The following day Xal worried he would need to feign sickness to reach the stranger’s requested time hack. A mounded slag of artificial potatoes and eggs arrived at 0600, next to which Xal found another yellow note attached to a silver pullback.
Eat all of your food, then bite on the pill.
Xal didn’t feel like his circumstances left him with many choices. He didn’t know if his father down on Earth could do much to improve Xal’s predicament, but there seemed to be someone on board who could. But is there another option? Xal tried to think hard. Barring a power outage, he couldn’t think of another way for the door to open without a guard. As far as Xal could tell, all of the guards were from his Space Crew, yet none showed any signs of recognition. I’m just a prisoner to them now. Those who did glance at Xal sneered until he passed. Any attempts to speak ended in a slap to the back of Xal’s head.
Xal finished his fake eggs and slurry of oatmeal before he bit down on the pill. Instant foam poured from his mouth. Cyanide! I’ve seen this shit in the movies. Spluttering, freaking out, Xal ran and pounded on the door, hoping someone would come in time. A guard’s face appeared in the window annoyed at first but then snapped to shock. The door swung open, throwing Xal onto his back before two men pulled him to his feet and dragged him into the Medical Bay.
A fogged sense of situational awareness told Xal that he’d moved, but the details felt faint at first. Two observation beds laid empty until the guards tossed Xal onto the closest. That’s when Xal saw Third Guardian Dalton’s face appear above his own. He’s not a medic. Why is he the first one looking at me? Xal tried to get up, but Third Guardian Dalton held a firm grasp against his chest.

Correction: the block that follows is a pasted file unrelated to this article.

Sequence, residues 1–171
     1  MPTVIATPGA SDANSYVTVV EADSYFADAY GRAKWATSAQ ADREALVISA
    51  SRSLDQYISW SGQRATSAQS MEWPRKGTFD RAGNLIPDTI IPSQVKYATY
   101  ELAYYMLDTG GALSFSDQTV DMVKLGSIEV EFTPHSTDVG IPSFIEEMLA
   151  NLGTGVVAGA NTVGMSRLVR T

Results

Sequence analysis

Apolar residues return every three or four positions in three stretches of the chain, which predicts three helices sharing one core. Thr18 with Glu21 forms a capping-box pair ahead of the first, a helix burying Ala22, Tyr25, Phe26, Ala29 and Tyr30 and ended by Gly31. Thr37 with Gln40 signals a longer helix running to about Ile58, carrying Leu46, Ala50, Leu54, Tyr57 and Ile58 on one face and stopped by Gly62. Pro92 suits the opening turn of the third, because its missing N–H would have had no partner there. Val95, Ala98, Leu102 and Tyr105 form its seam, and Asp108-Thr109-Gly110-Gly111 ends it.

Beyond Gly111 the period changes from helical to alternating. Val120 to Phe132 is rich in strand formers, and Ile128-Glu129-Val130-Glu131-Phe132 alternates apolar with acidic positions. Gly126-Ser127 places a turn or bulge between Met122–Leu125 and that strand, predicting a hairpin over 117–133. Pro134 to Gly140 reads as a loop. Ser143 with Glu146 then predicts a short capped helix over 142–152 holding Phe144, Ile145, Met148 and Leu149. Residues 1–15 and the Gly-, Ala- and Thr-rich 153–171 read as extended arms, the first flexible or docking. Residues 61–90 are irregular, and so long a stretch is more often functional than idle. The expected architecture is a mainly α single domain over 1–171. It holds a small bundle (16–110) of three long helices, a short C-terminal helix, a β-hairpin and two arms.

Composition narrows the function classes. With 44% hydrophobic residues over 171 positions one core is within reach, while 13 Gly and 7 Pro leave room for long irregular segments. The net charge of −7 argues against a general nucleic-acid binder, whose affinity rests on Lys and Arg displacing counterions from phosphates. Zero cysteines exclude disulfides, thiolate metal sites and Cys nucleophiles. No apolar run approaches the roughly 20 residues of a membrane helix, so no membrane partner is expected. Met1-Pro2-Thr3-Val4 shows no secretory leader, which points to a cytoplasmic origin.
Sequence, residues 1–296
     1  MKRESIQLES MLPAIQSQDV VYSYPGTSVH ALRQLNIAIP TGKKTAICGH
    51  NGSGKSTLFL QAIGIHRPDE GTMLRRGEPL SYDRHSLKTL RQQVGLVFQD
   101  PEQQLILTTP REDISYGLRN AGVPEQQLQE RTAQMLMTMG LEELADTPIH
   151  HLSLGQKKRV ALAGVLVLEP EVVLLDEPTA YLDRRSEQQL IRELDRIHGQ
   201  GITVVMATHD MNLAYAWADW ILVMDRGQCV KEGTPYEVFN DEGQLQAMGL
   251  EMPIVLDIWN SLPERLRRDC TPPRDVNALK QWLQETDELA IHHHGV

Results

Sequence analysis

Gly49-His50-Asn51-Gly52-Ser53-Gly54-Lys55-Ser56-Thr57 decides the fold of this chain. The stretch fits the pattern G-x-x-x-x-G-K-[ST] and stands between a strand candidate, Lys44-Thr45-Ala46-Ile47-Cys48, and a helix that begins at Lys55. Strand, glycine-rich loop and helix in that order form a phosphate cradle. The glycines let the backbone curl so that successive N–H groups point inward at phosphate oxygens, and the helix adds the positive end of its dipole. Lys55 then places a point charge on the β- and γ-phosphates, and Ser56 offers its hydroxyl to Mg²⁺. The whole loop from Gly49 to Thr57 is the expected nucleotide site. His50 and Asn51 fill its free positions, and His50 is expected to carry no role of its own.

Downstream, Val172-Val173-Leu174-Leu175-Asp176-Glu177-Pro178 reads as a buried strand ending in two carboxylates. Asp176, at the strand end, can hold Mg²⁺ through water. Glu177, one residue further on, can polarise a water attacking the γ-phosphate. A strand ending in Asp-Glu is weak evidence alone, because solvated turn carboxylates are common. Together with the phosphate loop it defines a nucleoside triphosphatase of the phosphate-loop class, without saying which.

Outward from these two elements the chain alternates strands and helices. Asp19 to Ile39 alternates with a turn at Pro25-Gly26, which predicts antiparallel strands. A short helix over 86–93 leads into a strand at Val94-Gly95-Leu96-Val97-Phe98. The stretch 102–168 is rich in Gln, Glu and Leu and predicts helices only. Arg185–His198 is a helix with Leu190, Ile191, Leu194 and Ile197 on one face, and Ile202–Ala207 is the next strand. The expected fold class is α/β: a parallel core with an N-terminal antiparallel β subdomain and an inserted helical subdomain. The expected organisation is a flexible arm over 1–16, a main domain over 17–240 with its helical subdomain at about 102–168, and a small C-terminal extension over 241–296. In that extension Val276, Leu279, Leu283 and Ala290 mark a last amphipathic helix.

“Go find the Medic,” Third Guardian Dalton commanded.
Xal couldn’t see if the two guards left but felt another pill shoved into his mouth.
“Bite,” Third Guardian Dalton said.
A soft hiss, and then the pressure from Xal’s mouth disappeared. Ashamed, Xal realized that the disorientation stemmed from more of a mental freakout than actual symptoms.
“How?” Xal gasped once enough of the bubbles disappeared.
“I didn’t just get my rank for being a good Spaceman,” Dalton said, “I’m also a damned good Chemist. We don’t have time for that now, though. Tell me what’s wrong with Fleet Admiral Boon. We had 5 minutes, and three of them are gone.”
Xal tried to talk over the tiny pockets of foam that remained in the recesses of his mouth as he explained the imposter and how it happened. Third Guardian Dalton’s face didn’t change one bit until Xal mentioned the radio message he received from his father. A look that sat somewhere between hope and astonishment flashed across Dalton’s face.
“There hasn’t been any other signal that has been able to get in or out of this damned ship,” Third Guardian Dalton said. “Maybe if—“
“Third Guardian Dalton,” One of the guards said, “we have the Medic.”
The meeting ended.